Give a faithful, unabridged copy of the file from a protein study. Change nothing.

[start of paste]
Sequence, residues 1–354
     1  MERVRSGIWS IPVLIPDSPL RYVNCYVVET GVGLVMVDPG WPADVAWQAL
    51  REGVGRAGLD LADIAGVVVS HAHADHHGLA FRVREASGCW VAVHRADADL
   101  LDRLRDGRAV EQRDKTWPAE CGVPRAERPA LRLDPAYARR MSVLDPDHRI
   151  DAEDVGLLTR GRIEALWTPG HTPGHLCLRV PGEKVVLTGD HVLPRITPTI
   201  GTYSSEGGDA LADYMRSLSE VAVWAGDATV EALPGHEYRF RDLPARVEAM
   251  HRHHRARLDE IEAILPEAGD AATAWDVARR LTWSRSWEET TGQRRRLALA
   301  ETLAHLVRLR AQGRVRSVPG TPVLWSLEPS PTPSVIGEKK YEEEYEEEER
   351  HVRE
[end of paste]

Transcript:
Sequence, residues 1–354
     1  MERVRSGIWS IPVLIPDSPL RYVNCYVVET GVGLVMVDPG WPADVAWQAL
    51  REGVGRAGLD LADIAGVVVS HAHADHHGLA FRVREASGCW VAVHRADADL
   101  LDRLRDGRAV EQRDKTWPAE CGVPRAERPA LRLDPAYARR MSVLDPDHRI
   151  DAEDVGLLTR GRIEALWTPG HTPGHLCLRV PGEKVVLTGD HVLPRITPTI
   201  GTYSSEGGDA LADYMRSLSE VAVWAGDATV EALPGHEYRF RDLPARVEAM
   251  HRHHRARLDE IEAILPEAGD AATAWDVARR LTWSRSWEET TGQRRRLALA
   301  ETLAHLVRLR AQGRVRSVPG TPVLWSLEPS PTPSVIGEKK YEEEYEEEER
   351  HVRE